3 Reviews of the various modes of selection, including forms that direct individuals away from competitive behaviour, can be found in Wilson, E. O., Sociobiology: The New Synthesis (Cambridge, Mass.: Belknap Press of Harvard University Press, 1975); Oster, G. F. and Wilson, E. O., Caste and Ecology in the Social Insects (Princeton University Press, 1978); Boorman, S. A. and Levitt, P. R., The Genetics of Altruism (New York: Academic Press, 1980); Wilson, D. S., The Natural Selection of Populations and Communities (Menlo Park, Calif.: Benjamin/Cummings, 1980).

4 For example, the debate over ‘punctuated equilibrium’ versus ‘gradualism’ among palaeontologists and geneticists. For most biologists, the issue is not the mechanism of evolution but the conditions under which evolution sometimes proceeds rapidly and sometimes slows to a crawl. There is no difficulty in explaining the variation in rates. On the contrary, there is a surplus of plausible explanations, virtually all consistent with Neo- Darwinian theory, but insufficient data to choose among them. See, for example, Gould, S. J. and Eldredge, N., ‘Punctuated Equilibria: The Tempo and Mode of Evolution Reconsidered’, Paleobiology 3 (1977), 115151; and Turner, J. R. G., ‘“The hypothesis that explains mimetic resemblance explains evolution”: the gradualist-saltationist schism’, in Grene, M. (ed.), Dimensions of Darwinism (Cambridge University Press, 1983), 129169.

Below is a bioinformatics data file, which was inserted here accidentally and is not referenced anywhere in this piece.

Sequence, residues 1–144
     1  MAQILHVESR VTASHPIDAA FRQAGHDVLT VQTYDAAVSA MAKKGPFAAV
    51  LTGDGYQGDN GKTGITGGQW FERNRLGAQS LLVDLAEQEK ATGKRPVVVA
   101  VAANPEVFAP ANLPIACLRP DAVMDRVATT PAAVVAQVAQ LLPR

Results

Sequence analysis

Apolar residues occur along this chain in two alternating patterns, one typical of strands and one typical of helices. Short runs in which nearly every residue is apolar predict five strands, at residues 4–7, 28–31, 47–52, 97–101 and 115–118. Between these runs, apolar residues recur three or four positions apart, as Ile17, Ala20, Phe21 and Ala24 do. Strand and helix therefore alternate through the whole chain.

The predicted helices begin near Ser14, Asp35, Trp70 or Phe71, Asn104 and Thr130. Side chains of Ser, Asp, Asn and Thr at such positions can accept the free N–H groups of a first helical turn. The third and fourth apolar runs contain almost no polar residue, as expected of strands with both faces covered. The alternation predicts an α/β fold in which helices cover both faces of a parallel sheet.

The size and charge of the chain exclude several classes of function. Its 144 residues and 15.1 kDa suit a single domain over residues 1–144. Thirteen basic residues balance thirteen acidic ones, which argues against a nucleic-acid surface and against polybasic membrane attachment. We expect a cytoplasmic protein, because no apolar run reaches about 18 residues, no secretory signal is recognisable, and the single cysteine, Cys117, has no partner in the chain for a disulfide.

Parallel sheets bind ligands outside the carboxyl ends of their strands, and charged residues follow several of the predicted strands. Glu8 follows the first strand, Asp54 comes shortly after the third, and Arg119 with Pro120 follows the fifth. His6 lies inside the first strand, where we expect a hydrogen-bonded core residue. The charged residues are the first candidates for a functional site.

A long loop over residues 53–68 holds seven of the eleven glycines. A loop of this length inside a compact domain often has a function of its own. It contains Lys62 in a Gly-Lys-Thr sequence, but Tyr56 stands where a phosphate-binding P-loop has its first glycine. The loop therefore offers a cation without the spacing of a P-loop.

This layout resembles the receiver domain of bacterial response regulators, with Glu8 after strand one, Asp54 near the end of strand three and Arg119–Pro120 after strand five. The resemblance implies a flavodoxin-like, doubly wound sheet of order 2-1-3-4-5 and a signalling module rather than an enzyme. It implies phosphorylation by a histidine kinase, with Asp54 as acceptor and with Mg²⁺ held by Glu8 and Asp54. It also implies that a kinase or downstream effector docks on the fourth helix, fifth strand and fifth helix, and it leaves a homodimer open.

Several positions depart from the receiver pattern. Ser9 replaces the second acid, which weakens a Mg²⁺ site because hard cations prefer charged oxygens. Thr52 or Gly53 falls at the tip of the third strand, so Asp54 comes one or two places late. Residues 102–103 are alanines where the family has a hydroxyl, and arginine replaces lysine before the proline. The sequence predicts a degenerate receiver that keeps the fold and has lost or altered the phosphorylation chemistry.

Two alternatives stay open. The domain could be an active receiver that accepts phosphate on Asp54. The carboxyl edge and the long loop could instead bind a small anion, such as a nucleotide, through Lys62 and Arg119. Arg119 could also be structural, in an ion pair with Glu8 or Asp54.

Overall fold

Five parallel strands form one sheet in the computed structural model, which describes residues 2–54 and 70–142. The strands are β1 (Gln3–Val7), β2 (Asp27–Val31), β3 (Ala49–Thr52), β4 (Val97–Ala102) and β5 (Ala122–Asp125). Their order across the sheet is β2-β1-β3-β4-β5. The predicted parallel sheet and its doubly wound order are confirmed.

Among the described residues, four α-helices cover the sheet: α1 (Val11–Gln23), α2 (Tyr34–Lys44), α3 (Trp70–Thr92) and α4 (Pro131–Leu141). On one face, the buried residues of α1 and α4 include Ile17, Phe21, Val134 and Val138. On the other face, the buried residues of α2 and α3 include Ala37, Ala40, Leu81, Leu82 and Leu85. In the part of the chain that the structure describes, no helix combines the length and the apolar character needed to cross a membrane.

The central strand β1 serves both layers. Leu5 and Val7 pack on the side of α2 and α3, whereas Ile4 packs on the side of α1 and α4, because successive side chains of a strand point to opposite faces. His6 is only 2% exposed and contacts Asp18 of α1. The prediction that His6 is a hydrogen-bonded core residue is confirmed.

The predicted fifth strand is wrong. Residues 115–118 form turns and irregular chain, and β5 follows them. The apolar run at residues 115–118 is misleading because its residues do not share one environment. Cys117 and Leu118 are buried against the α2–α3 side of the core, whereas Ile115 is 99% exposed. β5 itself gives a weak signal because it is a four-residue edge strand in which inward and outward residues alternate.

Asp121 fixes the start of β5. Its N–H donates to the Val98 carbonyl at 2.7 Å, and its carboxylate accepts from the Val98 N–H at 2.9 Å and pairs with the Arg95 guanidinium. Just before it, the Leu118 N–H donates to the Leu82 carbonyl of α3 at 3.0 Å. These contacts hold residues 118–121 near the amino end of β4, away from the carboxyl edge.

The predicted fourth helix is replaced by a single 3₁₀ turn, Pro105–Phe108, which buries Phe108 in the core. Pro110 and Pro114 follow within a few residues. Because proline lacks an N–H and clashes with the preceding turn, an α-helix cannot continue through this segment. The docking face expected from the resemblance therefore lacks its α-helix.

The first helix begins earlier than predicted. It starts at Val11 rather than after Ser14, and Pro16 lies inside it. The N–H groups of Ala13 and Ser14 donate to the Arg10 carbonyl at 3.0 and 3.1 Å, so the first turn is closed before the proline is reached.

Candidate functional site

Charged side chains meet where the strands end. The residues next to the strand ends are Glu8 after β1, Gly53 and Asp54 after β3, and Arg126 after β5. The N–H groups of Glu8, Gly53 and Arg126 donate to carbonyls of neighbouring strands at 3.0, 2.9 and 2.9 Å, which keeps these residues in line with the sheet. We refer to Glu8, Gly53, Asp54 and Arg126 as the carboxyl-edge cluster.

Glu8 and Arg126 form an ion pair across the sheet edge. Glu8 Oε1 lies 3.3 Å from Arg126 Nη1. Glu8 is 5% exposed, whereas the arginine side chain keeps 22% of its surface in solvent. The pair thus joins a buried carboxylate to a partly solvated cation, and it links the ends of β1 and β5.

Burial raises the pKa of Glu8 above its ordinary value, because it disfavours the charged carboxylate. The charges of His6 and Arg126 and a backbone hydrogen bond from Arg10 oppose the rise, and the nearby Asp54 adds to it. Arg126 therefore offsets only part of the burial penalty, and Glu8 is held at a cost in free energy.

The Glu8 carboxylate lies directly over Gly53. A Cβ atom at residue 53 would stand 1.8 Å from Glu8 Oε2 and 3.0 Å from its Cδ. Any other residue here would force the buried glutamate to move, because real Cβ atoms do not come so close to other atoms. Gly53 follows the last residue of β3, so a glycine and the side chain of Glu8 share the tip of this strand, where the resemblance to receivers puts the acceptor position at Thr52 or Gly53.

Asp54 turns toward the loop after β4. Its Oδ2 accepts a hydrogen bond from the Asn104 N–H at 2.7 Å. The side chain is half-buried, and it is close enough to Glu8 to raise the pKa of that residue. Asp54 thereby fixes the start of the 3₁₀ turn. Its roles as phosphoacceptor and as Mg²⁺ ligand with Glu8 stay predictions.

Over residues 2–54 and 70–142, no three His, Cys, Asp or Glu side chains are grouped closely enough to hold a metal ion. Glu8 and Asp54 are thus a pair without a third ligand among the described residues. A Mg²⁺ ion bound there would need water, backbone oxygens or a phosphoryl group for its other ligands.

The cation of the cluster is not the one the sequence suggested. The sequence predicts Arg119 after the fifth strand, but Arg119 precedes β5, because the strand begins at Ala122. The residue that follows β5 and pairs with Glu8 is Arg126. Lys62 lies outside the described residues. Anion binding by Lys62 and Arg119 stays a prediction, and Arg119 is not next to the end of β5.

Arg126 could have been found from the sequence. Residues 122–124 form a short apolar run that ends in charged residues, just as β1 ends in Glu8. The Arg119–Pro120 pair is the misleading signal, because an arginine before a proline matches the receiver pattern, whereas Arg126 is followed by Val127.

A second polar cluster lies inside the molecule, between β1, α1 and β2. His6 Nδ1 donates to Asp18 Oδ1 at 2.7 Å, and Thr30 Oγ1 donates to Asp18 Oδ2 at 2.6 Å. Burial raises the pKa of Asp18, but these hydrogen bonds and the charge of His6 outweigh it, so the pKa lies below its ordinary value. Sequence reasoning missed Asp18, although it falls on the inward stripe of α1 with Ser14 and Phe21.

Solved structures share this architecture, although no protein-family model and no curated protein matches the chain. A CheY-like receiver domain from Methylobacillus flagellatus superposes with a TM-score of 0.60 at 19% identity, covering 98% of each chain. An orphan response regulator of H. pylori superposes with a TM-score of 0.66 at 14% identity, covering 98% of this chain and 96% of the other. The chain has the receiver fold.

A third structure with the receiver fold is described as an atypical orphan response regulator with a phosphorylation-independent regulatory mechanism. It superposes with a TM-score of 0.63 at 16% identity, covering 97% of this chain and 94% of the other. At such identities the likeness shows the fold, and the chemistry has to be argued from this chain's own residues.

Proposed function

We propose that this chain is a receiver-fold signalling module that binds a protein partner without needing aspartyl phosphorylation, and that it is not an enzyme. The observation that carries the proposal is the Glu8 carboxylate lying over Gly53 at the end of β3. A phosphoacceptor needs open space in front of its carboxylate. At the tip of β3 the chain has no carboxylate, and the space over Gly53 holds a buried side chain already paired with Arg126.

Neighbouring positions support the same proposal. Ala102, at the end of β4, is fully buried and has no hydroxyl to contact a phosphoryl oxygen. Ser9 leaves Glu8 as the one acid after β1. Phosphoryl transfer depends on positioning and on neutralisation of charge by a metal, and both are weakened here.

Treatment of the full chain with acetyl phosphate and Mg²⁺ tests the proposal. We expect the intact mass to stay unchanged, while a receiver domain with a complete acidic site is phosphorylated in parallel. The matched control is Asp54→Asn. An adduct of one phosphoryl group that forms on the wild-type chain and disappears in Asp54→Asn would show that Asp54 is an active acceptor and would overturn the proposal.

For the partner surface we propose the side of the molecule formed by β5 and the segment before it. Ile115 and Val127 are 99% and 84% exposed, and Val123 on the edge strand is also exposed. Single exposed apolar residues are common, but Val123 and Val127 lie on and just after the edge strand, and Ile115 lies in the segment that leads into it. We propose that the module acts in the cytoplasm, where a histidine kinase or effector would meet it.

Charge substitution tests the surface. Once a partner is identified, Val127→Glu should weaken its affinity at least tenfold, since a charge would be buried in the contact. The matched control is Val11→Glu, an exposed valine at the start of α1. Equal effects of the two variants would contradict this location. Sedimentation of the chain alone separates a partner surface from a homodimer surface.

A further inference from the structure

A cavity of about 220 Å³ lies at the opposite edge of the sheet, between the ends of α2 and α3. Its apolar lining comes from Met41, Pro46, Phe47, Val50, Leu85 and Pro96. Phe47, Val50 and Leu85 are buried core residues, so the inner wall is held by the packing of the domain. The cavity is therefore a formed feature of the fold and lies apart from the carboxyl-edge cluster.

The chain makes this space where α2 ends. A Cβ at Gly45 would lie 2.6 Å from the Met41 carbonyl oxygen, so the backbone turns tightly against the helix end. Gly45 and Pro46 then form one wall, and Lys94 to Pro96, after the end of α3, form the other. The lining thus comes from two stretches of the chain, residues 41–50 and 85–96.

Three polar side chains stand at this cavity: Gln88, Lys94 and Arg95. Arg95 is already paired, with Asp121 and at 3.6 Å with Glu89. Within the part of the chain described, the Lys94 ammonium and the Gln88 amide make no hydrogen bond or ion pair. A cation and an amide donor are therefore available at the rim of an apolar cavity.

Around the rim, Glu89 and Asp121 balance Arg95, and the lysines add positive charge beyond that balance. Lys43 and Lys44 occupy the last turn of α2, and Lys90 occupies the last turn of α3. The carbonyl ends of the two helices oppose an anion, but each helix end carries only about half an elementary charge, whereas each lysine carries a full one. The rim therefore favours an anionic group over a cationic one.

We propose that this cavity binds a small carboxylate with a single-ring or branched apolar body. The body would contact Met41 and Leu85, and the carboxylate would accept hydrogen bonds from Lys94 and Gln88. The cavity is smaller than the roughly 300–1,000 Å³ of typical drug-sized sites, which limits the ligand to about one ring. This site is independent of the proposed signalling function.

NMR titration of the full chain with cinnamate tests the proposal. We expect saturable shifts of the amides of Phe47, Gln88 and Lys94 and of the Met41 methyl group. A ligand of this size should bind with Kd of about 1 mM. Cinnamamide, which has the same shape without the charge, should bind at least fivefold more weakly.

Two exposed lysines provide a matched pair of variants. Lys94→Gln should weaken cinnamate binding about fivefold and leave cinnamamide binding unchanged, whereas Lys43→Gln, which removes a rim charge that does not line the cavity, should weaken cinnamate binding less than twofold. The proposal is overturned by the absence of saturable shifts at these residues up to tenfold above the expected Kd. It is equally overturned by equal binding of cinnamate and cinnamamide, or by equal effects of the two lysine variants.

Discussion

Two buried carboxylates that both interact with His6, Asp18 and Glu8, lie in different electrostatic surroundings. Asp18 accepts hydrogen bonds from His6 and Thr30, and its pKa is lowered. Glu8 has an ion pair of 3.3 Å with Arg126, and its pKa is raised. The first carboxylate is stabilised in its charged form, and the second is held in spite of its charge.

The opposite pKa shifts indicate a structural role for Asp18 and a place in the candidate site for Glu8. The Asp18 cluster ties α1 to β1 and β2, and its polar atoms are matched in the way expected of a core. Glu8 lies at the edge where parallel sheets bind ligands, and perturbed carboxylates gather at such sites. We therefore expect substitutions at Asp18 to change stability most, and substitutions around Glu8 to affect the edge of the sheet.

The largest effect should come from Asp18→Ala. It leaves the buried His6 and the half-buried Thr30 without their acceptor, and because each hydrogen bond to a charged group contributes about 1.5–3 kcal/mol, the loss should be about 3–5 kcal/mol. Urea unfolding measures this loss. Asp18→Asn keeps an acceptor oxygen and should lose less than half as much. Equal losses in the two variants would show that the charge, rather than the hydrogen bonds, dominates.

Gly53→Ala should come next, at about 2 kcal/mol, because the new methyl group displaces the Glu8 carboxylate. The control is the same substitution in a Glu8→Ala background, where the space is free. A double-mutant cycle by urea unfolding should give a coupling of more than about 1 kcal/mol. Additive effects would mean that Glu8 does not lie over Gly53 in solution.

5 See footnote 2.

6 Kimura, M., The Neutral Theory of Molecular Evolution (Cambridge University Press, 1983).